Lambert Schomaker

prof. dr. Lambert Schomaker
Artificial Intelligence and Cognitive Engineering (ALICE)
Kunstmatige Intelligentie
[Research | Education]
Rijksuniversiteit Groningen
Bernoulliborg building (V)
Nijenborgh 9
9747 AG Groningen, The Netherlands
Tel: +31-50-363-7908
Fax: +31-50-363-6687
E-mail: l.r.b.schomaker(at)
E-mail: home email address

Interests & projects

  • Within artificial intelligence, my focus is on perceptual intelligence and (lifelong) machine learning
  • Monk is our continuous project for allowing access to large and diverse historical archives which are difficult to access by means of traditional 'OCR' approaches due to their special fonts or handwritten style. Since 2009, Monk provides a means of continuously training handwriting recognizers that create indices of handwritten collections. Monk was one of the demonstrators in the EU/SNN Target project
  • May 2019: EU/ITN Manic project approved, participation: ML and neuromorphic computing / cognitive materials
  • 2018 EU/ITN Perico project participation: Machine learning for peroxisome classification
  • Dead Sea Scrolls ERC project with Mladen Popovic (PI) and Hans van der Plicht (14C dating)


  • 2021-06-01 - Currently developing: the HAICu project on AI for the cultural heritage

  • 2020-09-08 - PhD position for AI student with physics interest (due to EU regulations this position is not intended for UG students, sorry. Candidates need to have received their training in AI elsewhere). The scientific aim of MANIC is to synthesize materials that can function as networks of neurons and synapses by integrating conductivity, plasticity and self-organization.

  • 2020-03-03 - AI colloqium From Boston to Eden - or how to get systems that are really autonomous and sufficiently intelligent to survive in their niche. In this presentation I argue that reinforcement learning methods currently are still very much handcrafted. Only an optimal reward structure and schedule yields success, which requires often more than an single PhD project. On the other hand, the human and animal brain do not have the helping hand of an ever-present external engineer setting up the framework for survival. Modern AI should take a better look at what is known about the old brain, which provides a general but quick valuation of the current state of the world. This would allow for a really autonomous reinforcement learning which does not require the development of painstakingly handcrafted reward structures, neural-network hyper-parameter values and specifically optimized training schedules.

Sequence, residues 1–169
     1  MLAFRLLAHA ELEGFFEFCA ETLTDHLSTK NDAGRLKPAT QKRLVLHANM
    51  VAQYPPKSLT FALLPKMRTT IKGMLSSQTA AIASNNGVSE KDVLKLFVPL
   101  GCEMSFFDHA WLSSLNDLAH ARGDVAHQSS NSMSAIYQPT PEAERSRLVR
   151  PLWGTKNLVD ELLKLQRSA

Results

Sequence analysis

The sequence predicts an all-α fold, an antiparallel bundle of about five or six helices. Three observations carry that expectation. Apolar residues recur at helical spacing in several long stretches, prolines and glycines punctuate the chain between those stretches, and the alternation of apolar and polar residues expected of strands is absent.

• 2016-10-15 Robot demo: "Alice the cleaning robot" With Amir Shantia, Francesco Bidoia and student team.


Post-doctoral researchers

Current PhD students

  1. Zhenxing Zhang - Visual Question Answering architectures
  2. Asmaa Haja - Deep learning methods for microscopy in biology
  3. Sha Luo - Reinforcement-based learning of object handling in robots
  4. Mahya Ameryan - Deep learning for text recognition and pictorial semantics
  5. Maruf Dhali - Dead Sea Scrolls, document dating and writer identification
  6. Davide Cipollini - Neuromorphic computing (deep learning for electron microscopy, with prof. Beatriz Noheda, materials science)
  7. Jordi Timmermans - Neuromorphic computing (electronic sensorimotor circuit modeling) with prof. Tamalika Banerjee, materials science)

  8. Anouk Goossens - Building blocks for electronic brains (co-supervisor with prof. Tamalika Banerjee)

(previous PhD students)

  • Jean-Paul van Oosten - Continuous labeling and learning
    Jean-Paul has obtained, at the ICFHR 2012, the IAPR Best Paper Award: Jean-Paul Van Oosten, Lambert Schomaker (2010). Separability versus Prototypicality in Handwritten Word Retrieval, Proc. Int. Conference on Frontiers in Handwriting Recognition, September 18-20 2012, Bari, Italy, IEEE Computer Society, pp. 8-13, DOI 10.1109/ICFHR.2012.269
  • Amir Shantia - Robotics perception and navigation (together with Marco Wiering)
  • Bowornrat Sriman (camera-based text detection and recognition for Asian scripts)
  • Sheng He (writing style-based dating of handwritten manuscripts, dissertation 2017, 'cum laude' - with honors)
  • Marius Bulacu (writer identification, dissertation 2007)
  • Tijn van der Zant (handwritten historical document retrieval, dissertation 2010)
  • Axel Brink (robust writer identification and verification, dissertation 2011)
  • Gert Kootstra (biologically inspired robot vision and navigation, dissertation 2010)
  • Hado van Hasselt (reinforcement learning systems, with Marco Wiering, dissertation 2011)

Current M.Sc. projects

Visiting researcher

Setare Rezaee is a PhD guest, working on Persian (Farsi) handwriting recognition using deep learning (2018/2019).